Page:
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'The sisters' and 'An encounter' - Considering in detail one o two passages, discuss Joyce's treatment of the church in Dubliners.

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Considering in detail one o two passages, discuss Joyce's treatment of the church in Dubliners The two passages that I will be examining are from The Sisters and An Encounter. The first passage from The Sisters begins "But no," and continues to the end of the story. The second passage from An Encounter begins "After a long while his monologue paused," and again, continues to the end. Both passages clearly show Joyce's strong (and sometimes contrasting) opinions towards the church, but first it helps to understand what this entails. There are three key areas pertaining to the church: religion, Catholicism and dogma (used indirectly to comment on the Catholic Church's seemingly mundane and repetitive rituals). Joyce attacks the church itself through satire and allegories, but his treatment of religion is a more interesting matter: his images (such as that of the damaged chalice in The Sisters and the lonely "Pigeon House" in An Encounter) ...read more.


Through this allegory Joyce makes an ironic comment on the flawed (and initially deceptive) symbolism (the act of placing the chalice on the breast) used to disguise the breakdown of Catholic system. Why does this breakdown occur? There is much evidence to suggest that Joyce's main target is dogma within the Catholic Church, and it is at this point where symbols become blurred - does his hatred of religious dogma reflect a deeper resentment of the repetitive, retentive banality of Dublin or is he claiming that Dublin has only stagnated because of Catholicism's fixation with ritual and ceremony? Both claims are true to a degree, although the dominant idea is that of religion instilling a fondness for ritual and ceremony: as the church fails to provide spiritual comfort people turn to a substitute (often Joyce satirically describes alcoholism as a formal procedure of sorts, where it is integrated into the mind of the drinker) ...read more.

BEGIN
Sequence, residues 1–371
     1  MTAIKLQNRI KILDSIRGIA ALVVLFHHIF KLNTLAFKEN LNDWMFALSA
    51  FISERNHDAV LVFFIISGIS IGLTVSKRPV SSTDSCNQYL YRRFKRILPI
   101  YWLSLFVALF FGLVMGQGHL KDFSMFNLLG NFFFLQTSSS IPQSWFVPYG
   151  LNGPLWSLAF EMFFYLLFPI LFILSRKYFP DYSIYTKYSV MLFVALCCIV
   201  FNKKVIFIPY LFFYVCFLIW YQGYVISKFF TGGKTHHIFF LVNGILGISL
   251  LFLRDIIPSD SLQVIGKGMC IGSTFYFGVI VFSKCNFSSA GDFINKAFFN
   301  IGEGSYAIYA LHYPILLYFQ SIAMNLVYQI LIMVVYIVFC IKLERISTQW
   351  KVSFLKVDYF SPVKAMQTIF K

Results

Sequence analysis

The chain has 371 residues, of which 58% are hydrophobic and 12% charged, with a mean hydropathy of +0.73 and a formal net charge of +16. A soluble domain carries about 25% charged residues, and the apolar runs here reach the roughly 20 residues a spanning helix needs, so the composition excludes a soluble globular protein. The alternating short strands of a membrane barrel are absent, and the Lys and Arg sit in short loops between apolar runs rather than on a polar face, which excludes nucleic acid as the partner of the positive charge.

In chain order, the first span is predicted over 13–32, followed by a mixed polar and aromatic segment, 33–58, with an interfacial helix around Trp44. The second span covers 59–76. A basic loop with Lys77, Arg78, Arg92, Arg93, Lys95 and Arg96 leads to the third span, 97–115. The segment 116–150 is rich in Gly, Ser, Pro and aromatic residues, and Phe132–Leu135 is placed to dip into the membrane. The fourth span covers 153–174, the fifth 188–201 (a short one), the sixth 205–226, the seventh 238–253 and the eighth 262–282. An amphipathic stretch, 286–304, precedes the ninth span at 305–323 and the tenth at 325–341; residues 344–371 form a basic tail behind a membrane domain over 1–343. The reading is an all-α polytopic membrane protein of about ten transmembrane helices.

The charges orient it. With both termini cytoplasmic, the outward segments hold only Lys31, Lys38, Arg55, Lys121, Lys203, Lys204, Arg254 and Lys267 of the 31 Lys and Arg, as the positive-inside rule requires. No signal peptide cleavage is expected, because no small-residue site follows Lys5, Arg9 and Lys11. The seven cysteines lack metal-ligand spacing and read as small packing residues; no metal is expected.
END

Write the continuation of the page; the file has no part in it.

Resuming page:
Thus we can see that Joyce had some faith, although it is unclear what outlet this took: his approach to atheism is recorded in A Painful Case (showing a desire to transcend faith and achieve the status of a Nietzschean ´┐Żbermensch) and An Encounter, where the "queer old josser" (through his desire to "whip" children) represents the Puritanical desire for purging all sins through sadism. The repetition of words and the use of ellipses lend a trance-like quality to the passage and his monologue is like a perverted sermon. Looking at these extremes, I think that much of the aggression and cynicism present in Dubliners comes from an inability on Joyce's part to reconcile the two - one of the functions of his biblical allusions is to describe a time when religion was pure and untainted by any intermediary. Mr. Duffy cannot achieve perfection ironically because of a ridiculous adherence to dogma (Joyce even writes, "his life rolled out evenly - an adventureless tale") and the "queer old josser" falls victim to exactly the same problem. ...read more.

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